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Thin Client How-To

What is a Thin Client?

To the user, a thin client behaves like a regular desktop computer. To the administrator, a thin client has no storage of it's own, is easy to maintain, and can give the user a modern computing experience even with ancient hardware.

How do thin clients work?

-- Basic answer --

Thin clients load a small operating system into memory then connect to the server. The programs run on the server but are displayed on a thin client's screen.

-- Advanced answer --

Boot phase (described from the point of view of the thin client machine): A thin client may either obtain a kernel from local storage, or load the kernel across the network. (Using these instructions, you will collect the linux kernel from the server using a bootable network card. This way, the thin client needs no more storage than the boot rom built into a bootable network card.)

- Boot sequence -

The PXE network card makes a DHCP request on the local network. The DHCP reply gives information to the card where to collect the linux kernel from. The kernel is collected over the network through the TFTP protocol.

Once the kernel has been collected via TFTP, the kernel is executed; the machine boots linux. A ramdisk collected with the linux kernel is mounted as a root file system. This carries the necessary drivers for the network card, mouse, keyboard sound etc. Once the network card driver is loaded, a second DHCP request tells the client it's ip address, netmask, gateway, DNS server, and root NFS (Network File System) mount point.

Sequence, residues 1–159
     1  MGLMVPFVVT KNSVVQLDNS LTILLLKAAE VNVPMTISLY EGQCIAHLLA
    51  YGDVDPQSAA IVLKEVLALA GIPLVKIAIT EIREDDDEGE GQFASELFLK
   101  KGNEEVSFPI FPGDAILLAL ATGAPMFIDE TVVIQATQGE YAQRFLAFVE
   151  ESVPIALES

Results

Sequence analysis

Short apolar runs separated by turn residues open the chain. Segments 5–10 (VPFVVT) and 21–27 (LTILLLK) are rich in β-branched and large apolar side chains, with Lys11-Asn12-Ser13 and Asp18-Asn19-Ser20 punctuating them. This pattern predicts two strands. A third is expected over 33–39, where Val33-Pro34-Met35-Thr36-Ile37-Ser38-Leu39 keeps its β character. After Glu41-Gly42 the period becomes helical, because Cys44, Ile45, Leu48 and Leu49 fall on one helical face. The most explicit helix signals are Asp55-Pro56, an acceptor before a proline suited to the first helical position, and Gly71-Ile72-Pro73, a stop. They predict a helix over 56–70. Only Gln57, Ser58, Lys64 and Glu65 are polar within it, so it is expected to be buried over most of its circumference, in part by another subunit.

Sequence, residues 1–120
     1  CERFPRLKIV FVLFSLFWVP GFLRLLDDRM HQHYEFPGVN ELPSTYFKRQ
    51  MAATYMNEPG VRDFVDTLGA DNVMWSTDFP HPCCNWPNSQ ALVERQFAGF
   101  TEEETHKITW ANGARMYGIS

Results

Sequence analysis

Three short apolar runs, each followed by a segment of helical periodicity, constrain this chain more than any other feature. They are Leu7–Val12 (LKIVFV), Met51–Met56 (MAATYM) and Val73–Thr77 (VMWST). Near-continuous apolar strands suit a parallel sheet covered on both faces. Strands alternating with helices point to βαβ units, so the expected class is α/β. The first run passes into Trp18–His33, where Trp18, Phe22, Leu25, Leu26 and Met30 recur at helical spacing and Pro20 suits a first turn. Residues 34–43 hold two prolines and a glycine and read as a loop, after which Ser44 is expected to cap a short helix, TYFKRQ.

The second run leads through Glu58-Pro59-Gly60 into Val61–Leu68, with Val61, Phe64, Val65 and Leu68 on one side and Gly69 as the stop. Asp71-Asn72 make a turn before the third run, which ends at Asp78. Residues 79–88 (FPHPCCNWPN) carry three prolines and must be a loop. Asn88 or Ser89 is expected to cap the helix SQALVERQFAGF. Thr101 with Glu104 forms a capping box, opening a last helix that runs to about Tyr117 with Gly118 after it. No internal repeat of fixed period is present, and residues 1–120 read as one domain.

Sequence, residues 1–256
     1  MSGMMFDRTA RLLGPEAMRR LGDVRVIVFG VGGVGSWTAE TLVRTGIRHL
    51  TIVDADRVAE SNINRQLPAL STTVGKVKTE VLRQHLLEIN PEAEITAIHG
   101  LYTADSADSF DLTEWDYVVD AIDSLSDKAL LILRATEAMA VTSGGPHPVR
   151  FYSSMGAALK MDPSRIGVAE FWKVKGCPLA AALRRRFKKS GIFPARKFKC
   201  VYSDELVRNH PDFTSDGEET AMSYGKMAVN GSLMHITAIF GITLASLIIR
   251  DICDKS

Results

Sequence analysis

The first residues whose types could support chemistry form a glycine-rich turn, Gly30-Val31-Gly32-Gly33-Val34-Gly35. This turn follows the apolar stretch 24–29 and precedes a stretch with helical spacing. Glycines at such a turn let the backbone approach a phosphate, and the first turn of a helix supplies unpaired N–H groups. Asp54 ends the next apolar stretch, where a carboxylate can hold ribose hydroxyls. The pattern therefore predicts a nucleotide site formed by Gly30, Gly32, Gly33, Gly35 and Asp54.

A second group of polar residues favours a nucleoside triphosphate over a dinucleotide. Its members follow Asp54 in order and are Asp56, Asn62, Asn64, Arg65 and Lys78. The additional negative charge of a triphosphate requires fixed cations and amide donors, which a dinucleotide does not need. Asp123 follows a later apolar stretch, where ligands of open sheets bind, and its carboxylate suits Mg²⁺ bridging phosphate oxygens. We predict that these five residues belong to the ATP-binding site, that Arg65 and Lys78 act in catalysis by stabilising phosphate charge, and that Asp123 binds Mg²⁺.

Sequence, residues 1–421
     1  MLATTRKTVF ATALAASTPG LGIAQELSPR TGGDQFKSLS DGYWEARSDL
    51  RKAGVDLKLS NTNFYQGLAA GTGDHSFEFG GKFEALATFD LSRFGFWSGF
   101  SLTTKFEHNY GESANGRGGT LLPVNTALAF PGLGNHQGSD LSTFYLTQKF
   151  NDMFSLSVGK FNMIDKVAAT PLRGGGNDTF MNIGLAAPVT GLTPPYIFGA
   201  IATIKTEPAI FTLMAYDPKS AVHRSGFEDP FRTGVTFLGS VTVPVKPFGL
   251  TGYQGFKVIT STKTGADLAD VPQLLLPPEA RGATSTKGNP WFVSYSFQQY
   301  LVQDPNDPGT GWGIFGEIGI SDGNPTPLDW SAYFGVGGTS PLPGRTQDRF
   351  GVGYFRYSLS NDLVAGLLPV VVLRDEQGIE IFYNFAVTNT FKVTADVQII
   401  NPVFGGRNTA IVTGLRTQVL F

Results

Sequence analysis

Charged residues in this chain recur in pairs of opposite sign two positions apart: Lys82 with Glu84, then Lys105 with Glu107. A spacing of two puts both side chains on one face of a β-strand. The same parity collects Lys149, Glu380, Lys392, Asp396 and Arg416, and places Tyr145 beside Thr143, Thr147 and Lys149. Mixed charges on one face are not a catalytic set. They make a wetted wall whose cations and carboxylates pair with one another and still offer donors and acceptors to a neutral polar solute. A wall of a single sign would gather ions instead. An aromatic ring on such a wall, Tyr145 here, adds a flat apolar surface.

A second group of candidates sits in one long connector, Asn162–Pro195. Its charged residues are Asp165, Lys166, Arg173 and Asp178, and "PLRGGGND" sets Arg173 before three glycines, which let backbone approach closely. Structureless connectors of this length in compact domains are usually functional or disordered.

The linux kernel performs a pivot_root, which mounts the root NFS share from the server onto the thin client read-only. The thin client now has a booted linux kernel, and a root file system, much like any Linux system. From now on, when we talk of the root file system on the client, we are actually talking about a root file system mounted read-only from the server. The root file system mounted by the thin client is not be the same root file system the server itself uses, but is specially prepared for thin clients, and is shared by all thin clients connected to the server. The client kernel calls the init program. The /etc/lts.conf file is parsed, and settings for that thin client made (eg mouse driver, graphics adapter, Xserver etc). X -query <Server IP> is called. This launches X-windows on the client and tells X-windows where to connect to.

- X nuts and bolts -

Confusion warning: The X windows which runs on the client machine is called the X server. The programs which run on the server (Such as Gnome, Mozilla, KDE) are called X clients... Just to get that out of the way! I will try to avoid using this confusing terminology and just refer to the X running on the client machine, or X programs running on the server.

For X-windows to connect to the server, the server must be running a service called XDMCP (X Display Management Control Protocol). When a client connects to the server, the XDMCP service will launch a program such as GDM (Gnome Display Manager), which makes a connection to the client machine. GDM provides a log-in window. When a user logs in, GDM in turn launches a program such as gnome-session or kdesktop, which in turn, launch all the programs you expect on a modern GNU/Linux desktop.

When GDM launches, it is actually making a connection from the server machine to port 6000 on the client machine. XDMCP communicates the ip address of the client machine through the $DISPLAY environment variable. In fact, all programs which the user launches through the client machine are making a connection to port 6000 on the client machine. All X-windows programs the user launches know where to connect to as they check the DISPLAY environment variable.